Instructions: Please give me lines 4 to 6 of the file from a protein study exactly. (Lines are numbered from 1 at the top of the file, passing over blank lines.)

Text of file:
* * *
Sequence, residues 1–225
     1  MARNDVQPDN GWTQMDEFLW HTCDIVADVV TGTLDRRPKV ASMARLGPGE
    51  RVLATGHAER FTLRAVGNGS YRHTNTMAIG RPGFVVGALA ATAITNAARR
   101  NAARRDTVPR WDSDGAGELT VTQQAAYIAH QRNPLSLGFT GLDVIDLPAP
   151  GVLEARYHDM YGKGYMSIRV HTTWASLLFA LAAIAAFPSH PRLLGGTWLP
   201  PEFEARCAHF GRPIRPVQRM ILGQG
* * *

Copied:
   101  NAARRDTVPR WDSDGAGELT VTQQAAYIAH QRNPLSLGFT GLDVIDLPAP
   151  GVLEARYHDM YGKGYMSIRV HTTWASLLFA LAAIAAFPSH PRLLGGTWLP
   201  PEFEARCAHF GRPIRPVQRM ILGQG